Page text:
May 15, 2020

Design for love

text by

Alec Wagner

photo by

Last Tuesday, a couple members of the Purple Maiʻa team and I attended a Zoom conversation with Auntie Puanani Burgess and Maya Soetoro-Ng about building a “Beloved Community,” which Auntie Pua describes as one that you want to be a part of, one that you feel invited into, and one that you invite others into.

After a beautiful hour of conversation, Maya asked a question to the over 160 attendees in the webinar, “What is one thing you will commit to doing to build your beloved community?” Feeling instantly inspired after seeing dozens of amazing answers stream into the chat, I wrote that “My kuleana would be to create confidence and conviction in people to do good in our community” --a small drop of commitment in a quickly filling bucket full of good intention.

The following morning, I woke up thinking about what innovation and technology might look like if it was intended to be used in creating a beloved community. I quickly realized that love would need to be at its core. One particular manaful insight came to mind: “It’s much easier to design for someone you love.”

In any innovation process, user research is integral for developing products that can be used effectively by the humans they are meant to be used by. That said, building empathy for users through interviews, focus groups, or other forms of user research is an important skill to be good at and to do frequently. You can improve that skill by trying to fall in love with your users (even just a little bit). Here’s an excerpt from “6 Tips from IDEO Designers on How to Unlock Insightful Conversation.”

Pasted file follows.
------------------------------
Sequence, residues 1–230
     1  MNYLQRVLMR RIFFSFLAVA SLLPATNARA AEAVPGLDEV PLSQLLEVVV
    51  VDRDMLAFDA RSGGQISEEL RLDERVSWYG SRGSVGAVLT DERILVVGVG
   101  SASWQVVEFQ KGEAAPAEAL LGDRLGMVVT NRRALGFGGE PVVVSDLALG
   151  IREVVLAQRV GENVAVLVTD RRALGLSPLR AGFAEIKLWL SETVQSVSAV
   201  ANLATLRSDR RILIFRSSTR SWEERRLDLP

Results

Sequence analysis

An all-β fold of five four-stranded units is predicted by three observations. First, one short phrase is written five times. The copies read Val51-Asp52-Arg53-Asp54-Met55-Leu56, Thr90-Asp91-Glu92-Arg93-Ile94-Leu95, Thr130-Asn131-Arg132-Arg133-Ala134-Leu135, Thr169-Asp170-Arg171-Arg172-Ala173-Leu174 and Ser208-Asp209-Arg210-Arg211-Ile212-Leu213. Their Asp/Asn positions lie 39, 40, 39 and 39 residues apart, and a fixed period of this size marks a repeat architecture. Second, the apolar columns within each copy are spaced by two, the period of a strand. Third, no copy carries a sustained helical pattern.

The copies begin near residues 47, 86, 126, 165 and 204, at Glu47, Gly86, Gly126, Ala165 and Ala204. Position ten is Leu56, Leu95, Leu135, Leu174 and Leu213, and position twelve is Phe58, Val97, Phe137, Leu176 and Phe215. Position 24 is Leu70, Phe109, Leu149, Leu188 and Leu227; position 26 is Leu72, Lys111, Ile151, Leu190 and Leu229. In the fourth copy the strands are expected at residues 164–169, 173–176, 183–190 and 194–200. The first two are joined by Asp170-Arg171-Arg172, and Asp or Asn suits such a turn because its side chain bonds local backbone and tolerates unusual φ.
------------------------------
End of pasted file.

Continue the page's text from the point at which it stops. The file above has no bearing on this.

“Try very intentionally to fall in love with each person (even if it’s just a little bit). Even if you don’t naturally click with someone, you can always find something you truly appreciate about them, whether it’s their voice or their passion for the topic at hand. When you want to fall in love with someone, everything changes—your curiosity about their life story, your body language, and your empathy toward their situation. These small shifts will show your interviewee that they don’t have to perform or show the “best” parts of themselves, because they can tell that you're deeply on their side. Even after the interview, you'll find yourself coming up with better ideas because it’s much easier to design for someone that you love.”

So if you are working on an early stage idea or startup, if you aren’t talking to your users, start! If you are, next time you do, try to love them (even just a little bit). You’ll gain better insight, which will help you to improve your product or service for your users, provide even more value for them, and you’ll probably even make some new friends. Furthermore, you’ll be contributing to building a beloved community, something I know we are all interested in doing.

E mālama pono,

Alec Wagner
Director, Purple Prize